Constant readers might remember me mentioning once or twice, in previous posts, the fact that Fort Worth outshines Dallas as the cultural center of DFW. While some of us on the East side of the Metroplex may not like to hear this, that doesn’t lessen the fact that the statement is true. The Kimball Art Museum is an excellent case in point. Although Dallas has its share of fine art museums, none are as famous — or as well advertised, frankly — as the Kimball.
The Kimball Art Museum is set amid a huge expanse of lawn right across the street from the Will Rogers Memorial Center; the Amon Carter Museum is located just down the same street, and it’s maybe half a mile to the National Cowgirl Museum and Hall of Fame. The Kimball is kind of plain from the outside, though of course there are a few decorative elements. For example, I rather liked this sunken rock garden at the back, not to mention the water feature along one side.
Then there’s this guy, who’s one of a few interesting statues surrounding the museum.
I didn’t catch the name of this statue or its artist; as you can probably tell by the quality of the photos, it was a cold, wet, bleak day when I took these pictures, and <> by that point I was ready to get inside. I have to admit that I’m fond of this composition, though. It has a lot of color and energy, and I found its shape intriguing. Rather like a mutant Gumby.
I’ve visited the Kimball twice now, though I only paid to see the special exhibitions once; the second time, the day I took these pictures, I just browsed the permanent collection. I wasn’t interested in the current special exhibition, “Picturing the Bible: The Earliest Christian Art” (which will be on hand until March 30), but the permanent collection is always worth another look. The Kimball maintains a relatively small collection of about 350 paintings and other works. It’s pretty eclectic, the only uniting theme being, as they put it, “an extraordinary level of artistic quality and importance.” They’ve got works by Caravaggio, Matisse, Mondrian, Picasso, Monet, Cezanne, Rembrandt, Goya, and others — so while it’s not huge, it’s nothing to sneeze at. I’ve always been particularly taken by “The Cardsharps,” a Caravaggio painting from the 1590s (more than four hundred years ago!) that shows two cardsharps cheating a young man. It’s magnificent. The color, composition, and detail are incredible, and it’s in an excellent state of preservation. Most of the other paintings are also excellent, though some, like “The Allen Brothers” by Henry Raeburn, a portrait of two young boys from the 1790s, are particularly striking.
Before this past December, I last visited back when the Museum was hosting a huge, elaborate ancient Assyrian exhibit; that was probably ten years ago. We wondered through the exhibits with our self-guided tour tapes, and it was fantastic. The Assyrian civilization dates from about 2,000-612 BC, and they left plenty of traces in what is now Iraq and the surrounding areas. Most prominent in the exhibit were the huge marble panels that had been hacked from the walls of Nineveh and other ancient ruins back in the 19th century by British archaeologists. While I understand their desire to protect these panels, which were no doubt rapidly weathering, it still makes me cringe when I hear about them damaging the sites like that. We’d never get away with that in the New World.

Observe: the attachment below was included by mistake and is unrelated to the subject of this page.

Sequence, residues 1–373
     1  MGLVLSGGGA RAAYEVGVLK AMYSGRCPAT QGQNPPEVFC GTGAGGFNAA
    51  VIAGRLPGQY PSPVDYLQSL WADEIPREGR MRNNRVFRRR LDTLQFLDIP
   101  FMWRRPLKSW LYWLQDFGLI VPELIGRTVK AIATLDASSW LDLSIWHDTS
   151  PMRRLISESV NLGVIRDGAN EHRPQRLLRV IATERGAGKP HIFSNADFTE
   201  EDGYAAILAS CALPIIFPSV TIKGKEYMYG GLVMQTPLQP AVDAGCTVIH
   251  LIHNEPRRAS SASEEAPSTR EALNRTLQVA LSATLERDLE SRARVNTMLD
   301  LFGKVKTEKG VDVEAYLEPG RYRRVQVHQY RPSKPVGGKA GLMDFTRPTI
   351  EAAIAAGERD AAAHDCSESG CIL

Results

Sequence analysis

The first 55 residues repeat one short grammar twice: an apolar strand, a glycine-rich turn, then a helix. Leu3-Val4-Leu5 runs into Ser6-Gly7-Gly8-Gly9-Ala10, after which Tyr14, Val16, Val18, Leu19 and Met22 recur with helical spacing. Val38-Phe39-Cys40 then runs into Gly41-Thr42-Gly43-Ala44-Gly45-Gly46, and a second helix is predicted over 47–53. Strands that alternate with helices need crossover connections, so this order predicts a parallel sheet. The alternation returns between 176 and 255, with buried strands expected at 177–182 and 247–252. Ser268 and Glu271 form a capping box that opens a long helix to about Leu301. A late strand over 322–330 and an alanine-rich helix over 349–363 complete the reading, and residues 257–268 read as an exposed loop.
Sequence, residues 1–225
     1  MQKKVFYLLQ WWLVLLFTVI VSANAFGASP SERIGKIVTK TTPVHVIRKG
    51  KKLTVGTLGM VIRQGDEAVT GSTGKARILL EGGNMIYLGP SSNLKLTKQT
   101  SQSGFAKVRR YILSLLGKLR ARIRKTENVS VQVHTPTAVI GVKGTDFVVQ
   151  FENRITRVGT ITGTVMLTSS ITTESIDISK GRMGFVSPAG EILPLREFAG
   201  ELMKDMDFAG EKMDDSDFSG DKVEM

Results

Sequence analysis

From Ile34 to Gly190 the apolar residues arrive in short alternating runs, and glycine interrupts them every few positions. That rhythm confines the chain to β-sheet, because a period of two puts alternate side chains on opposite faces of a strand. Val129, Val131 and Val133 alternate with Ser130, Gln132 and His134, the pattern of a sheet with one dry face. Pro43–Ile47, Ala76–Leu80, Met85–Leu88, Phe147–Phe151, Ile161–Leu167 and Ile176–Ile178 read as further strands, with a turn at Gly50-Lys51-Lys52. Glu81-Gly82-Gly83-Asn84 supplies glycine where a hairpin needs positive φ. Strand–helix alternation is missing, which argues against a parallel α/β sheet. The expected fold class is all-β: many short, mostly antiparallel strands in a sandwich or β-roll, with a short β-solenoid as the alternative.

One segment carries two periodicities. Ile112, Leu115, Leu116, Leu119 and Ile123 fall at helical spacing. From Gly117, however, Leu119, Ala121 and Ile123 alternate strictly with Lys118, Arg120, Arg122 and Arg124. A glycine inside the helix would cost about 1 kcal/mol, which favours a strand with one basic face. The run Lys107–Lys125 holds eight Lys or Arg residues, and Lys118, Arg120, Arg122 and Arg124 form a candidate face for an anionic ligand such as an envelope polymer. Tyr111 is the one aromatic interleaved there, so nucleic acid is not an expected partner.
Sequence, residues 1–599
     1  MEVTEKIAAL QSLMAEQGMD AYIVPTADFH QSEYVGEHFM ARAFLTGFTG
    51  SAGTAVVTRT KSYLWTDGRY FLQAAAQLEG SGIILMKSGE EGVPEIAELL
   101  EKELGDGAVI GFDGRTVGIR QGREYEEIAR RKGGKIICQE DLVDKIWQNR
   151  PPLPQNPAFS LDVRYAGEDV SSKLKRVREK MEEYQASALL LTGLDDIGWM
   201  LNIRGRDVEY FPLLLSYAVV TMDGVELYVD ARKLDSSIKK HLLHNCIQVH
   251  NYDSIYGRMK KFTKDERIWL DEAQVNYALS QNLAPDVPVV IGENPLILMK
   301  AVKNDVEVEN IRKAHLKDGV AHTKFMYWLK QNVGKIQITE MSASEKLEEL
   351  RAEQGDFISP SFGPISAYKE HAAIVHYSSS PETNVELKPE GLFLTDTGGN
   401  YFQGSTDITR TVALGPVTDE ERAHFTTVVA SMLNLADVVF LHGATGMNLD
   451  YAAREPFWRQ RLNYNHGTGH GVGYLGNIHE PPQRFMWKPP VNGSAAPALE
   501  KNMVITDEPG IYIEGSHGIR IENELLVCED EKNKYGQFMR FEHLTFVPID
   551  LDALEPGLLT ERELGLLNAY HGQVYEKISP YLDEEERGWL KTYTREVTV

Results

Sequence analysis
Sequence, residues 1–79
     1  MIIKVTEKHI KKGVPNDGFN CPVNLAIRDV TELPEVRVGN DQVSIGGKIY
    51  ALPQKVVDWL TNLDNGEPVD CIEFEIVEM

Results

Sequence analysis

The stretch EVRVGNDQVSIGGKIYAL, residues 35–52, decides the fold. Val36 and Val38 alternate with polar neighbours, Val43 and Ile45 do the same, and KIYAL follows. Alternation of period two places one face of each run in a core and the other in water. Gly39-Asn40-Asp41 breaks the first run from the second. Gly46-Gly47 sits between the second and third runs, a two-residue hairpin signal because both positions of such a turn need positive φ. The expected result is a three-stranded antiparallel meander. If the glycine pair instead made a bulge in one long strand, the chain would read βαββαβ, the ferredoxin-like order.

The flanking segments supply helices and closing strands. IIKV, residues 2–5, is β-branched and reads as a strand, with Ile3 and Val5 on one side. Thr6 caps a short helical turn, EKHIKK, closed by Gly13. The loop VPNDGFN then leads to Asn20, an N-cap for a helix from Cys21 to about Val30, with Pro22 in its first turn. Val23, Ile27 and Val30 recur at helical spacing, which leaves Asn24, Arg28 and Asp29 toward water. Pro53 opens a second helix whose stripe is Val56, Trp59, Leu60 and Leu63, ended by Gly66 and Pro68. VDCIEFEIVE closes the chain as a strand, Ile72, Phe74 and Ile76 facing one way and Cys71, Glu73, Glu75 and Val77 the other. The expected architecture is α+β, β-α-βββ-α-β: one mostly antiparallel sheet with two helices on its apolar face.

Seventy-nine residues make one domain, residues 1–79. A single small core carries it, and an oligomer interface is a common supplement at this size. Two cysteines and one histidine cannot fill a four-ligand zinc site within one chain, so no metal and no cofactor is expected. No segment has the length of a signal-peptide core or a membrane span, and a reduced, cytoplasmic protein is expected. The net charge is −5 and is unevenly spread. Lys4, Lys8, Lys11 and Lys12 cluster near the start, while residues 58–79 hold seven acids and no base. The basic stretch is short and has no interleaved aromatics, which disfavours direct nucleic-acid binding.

The ancient Assyrians had a distinct artistic style, something like classical Egyptian art in its stiffness; however, there are a lot of distinctive elements, like the curlicue beards and hair, that sets them apart. They were very, very good at rock carving, too; they even had techniques for fixing errors in this unforgiving medium, which the tour tapes pointed out when we wouldn’t have noticed otherwise. They were pretty advanced people, for a Bronze Age culture; in fact, they were one of the first true civilizations. They had chariots, built impressive stone structures, constructed pontoon bridges to span rivers, and of course left behind a lot of impressive permanent art. They also fought lions a lot, to judge from one recurrent theme on the carved panels. It’s odd to think of lions as being native to Mesopotamia, but apparently they were much more widespread in ancient times than they are now.
The panels were really something, but as a writer, I was especially impressed by the cylinder seals and cuneiform tablets, which to my surprise were basically fat rectangular lumps that they inscribed on all sides. It was incredible, seeing this early form of writing firsthand. Cuneiform was one of the earliest forms of writing, and you know what it was used for? Inventories and debts, mostly. It was the easiest way to keep track of taxes owed. Thanks for all the bureaucracy, Assyrians!
The Kimball Art Museum is worth a visit just to see its lovely permanent collection, but the management does make an effort to rotate a new special exhibit through every five or six months. It’s located at 3333 Camp Bowie Boulevard in Fort Worth. Hours of operation are Tuesday-Thursday and Saturday, 10 AM-5 PM; Friday, noon to 8 PM; and Sunday, noon to 5 PM. It’s closed on Mondays, New Year’s Day, the Fourth of July, Thanksgiving, and Christmas. Admission to the permanent exhibits is always free, though there’s a charge for the special exhibits; the fee varies according to the exhibit. However, they’re half-price all day Tuesday, and on Friday from 5-8 PM. Flash photography is not allowed in any of the exhibits, but you can take non-flash photos in the permanent collection area. Beware, though — the lighting isn’t always the best for that kind of photo, even for a digital camera, as I discovered.